It seems like during every summer film season, August produces at least one surprise that blows this viewer away and remains so for the next couple of years. Films like The Fugitive, The Sixth Sense and in a less successful financial but better movie because of it way SimOne, have been great examples of the closing month of the summer season and this year stands as no exception. All of those films have a certain actor or actors doing roles that expand on their persona or bring light to a new one that makes them all the more better for it. In the great hands of director Michael Mann, a tale of 2 characters suspended through yellow into the red and blue of the night in Los Angeles going from one location to another. This is a high charged tale, this is the L.A. nocturnal mileage thriller Collateral.
Max (Jamie Foxx) has dreams of a future and it’s sitting right into the neat and clean environment of his yellow taxicab. Striking up a conversation with a female customer that catches his eye (Jada Pinkett-Smith), Max shares this dream he has about getting away from it all to a better place that goes beyond his exotic little picture under his visor. As he drops her off, he gets her card and an opening of confidence. This opening is closed when a sharp dressed customer at the drop off is invited after a minor brush off from Max. During their drive, this customer proposes to make some real estate stops and offer a nice sum of cash for Max’s services. The customer introduces himself as Vincent (Tom Cruise). Little does Max realizes that his stops are not ordinary sign and closures but hits made for an even bigger purpose pulling Max in for a night the both of them will not forget or be left the same at its end.
Los Angeles has never looked brighter, more eye popping or visual than in this film. Whenever a city is portrayed in his films, you can’t help but admire the bright colorful lights that come with that. This is help from shooting the majority of the film in high definition giving a look that motion picture film can’t come close to replicating.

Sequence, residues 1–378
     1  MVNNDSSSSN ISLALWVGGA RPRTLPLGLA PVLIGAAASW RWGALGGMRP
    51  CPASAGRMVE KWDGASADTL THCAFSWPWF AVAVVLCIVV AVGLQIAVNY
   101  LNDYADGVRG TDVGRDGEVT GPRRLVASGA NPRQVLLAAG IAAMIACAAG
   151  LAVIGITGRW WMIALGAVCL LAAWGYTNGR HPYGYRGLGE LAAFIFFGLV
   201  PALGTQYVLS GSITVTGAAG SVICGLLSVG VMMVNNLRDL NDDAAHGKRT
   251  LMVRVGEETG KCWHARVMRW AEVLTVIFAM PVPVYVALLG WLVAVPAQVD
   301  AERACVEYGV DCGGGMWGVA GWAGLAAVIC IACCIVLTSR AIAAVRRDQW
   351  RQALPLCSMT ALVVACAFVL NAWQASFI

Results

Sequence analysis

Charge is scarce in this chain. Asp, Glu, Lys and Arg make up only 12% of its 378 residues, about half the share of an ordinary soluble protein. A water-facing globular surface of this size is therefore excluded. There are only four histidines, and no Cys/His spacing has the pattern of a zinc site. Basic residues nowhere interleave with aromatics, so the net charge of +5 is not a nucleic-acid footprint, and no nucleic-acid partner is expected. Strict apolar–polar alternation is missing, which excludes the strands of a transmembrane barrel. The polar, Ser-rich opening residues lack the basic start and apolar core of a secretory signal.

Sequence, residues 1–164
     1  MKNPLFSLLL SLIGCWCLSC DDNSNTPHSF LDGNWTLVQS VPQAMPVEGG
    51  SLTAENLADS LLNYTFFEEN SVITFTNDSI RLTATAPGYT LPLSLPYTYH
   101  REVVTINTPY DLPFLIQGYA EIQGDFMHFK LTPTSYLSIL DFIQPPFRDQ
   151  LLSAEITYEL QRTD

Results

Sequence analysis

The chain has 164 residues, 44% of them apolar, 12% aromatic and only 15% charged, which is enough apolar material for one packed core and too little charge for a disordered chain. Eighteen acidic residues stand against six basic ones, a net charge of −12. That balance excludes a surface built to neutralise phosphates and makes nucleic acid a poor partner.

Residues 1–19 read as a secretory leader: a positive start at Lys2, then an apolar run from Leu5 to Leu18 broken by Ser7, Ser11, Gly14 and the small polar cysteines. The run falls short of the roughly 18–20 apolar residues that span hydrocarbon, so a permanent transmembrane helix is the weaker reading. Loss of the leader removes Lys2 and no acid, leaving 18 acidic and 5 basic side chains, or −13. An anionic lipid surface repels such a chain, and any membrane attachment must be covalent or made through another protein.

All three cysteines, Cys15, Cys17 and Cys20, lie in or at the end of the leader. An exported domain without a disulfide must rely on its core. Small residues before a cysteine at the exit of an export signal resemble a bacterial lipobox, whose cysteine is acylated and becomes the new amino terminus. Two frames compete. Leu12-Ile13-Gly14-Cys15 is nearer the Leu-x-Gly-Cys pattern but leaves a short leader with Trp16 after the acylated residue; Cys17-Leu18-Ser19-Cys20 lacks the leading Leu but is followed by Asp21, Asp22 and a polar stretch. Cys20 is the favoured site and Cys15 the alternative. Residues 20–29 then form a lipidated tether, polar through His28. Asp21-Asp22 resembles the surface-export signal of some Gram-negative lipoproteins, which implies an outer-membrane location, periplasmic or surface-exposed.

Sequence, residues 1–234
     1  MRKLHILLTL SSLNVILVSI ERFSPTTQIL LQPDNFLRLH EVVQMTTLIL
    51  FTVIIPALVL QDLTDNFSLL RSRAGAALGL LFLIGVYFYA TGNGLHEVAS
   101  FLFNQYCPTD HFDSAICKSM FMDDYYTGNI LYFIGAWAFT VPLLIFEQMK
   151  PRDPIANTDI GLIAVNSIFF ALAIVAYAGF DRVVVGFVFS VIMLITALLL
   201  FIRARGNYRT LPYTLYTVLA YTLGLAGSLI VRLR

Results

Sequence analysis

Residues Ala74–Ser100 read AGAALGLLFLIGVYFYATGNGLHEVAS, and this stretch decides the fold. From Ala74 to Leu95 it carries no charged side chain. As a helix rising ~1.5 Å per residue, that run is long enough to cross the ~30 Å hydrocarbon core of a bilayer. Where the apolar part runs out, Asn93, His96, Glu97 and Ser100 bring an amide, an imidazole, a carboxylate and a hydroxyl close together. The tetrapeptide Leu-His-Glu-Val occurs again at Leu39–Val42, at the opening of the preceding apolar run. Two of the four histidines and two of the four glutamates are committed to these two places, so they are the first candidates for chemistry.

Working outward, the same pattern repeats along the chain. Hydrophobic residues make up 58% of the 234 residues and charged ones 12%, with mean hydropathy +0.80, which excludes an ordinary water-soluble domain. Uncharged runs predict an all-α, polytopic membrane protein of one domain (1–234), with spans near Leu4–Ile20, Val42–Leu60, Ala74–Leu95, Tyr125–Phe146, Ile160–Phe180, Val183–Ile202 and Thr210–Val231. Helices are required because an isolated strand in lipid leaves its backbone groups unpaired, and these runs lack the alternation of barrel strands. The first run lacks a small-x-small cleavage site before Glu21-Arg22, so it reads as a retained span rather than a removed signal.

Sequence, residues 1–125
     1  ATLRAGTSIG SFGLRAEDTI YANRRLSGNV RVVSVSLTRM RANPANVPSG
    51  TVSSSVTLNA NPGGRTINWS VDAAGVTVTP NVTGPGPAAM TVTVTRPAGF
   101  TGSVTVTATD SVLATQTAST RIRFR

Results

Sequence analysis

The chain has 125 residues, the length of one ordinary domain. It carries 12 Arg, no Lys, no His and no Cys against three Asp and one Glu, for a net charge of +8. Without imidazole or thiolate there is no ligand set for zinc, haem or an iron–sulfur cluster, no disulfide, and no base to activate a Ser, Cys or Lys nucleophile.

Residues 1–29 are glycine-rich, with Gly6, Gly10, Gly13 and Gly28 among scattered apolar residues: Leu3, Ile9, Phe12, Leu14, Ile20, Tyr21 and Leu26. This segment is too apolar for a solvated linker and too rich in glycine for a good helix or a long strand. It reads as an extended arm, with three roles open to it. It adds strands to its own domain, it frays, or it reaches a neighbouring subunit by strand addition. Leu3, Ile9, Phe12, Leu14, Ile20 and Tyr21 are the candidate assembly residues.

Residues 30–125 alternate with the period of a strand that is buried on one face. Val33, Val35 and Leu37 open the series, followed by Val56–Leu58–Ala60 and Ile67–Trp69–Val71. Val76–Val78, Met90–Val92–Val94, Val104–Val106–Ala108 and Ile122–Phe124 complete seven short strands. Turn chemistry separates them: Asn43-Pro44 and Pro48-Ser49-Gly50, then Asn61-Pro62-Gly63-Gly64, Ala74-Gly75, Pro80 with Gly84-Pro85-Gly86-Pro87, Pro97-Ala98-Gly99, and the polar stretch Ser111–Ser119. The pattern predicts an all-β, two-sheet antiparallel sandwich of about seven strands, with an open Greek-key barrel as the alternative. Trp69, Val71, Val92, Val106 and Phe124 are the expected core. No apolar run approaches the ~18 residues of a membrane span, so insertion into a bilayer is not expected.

From the arrival at the airport to the climax of the film, Mann keeps a great pace going and a tension that never lets up from one minute to the next. He gets the best out of his actors by keeping them at edge along with exposing a few weaknesses every now and then and taking advantage of that exposure. Mann is a director that is never about cliche. He’s about actions and the character explorations around him that give the film another level of credibility. The film is never boring and one of the reasons why are the solid performances of Tom Cruise and Jamie Foxx.
As Vincent, Cruise brings a dressed to kill feel to this scruffy assassin being so good and being so bad. He has a job and must do it before night’s end. He, like Max, has demons to fight within this short time period and they both come across a few roadblocks along the way that doesn’t involve driving. He’s the passenger that turns up the panic button and pull back lever in Max and Cruise does a masterful job at it. Tom also favors the rare non-main title credit routine as this follows in the same way Vanilla Sky did.
As Max, Foxx shows just how multi talented he is showing a man with a dream that may never come true and a constant shooting down of confidence. But within that shooting down, Max finds a way to come back up in moments of heightened tension and chaos that may not be familiar to him but like the best wild cards in that kind of crisis situation it pays off in a most unexpected way.
Video: How does it look?
Collateral keeps the tradition of Michael Mann films in Panavision as the film is given the anamorphic treatment in the result of a 2.40:1 aspect ratio. It’s been a while since I sat down and watched this film, but the new 4K remaster breathes some new life into this movie. The look of the majorly digital film is amazing. The colors pop out in the night sky more vividly than expected. There is a few instances of haze throughout but the instances are minor and few and far between. The picture is flawless with the lack of film grain and scratches. There isn’t a glitch to be seen or to be noticed. Many presume digital is the wave of the future for filmmaking and this is a great example of how it can be used properly.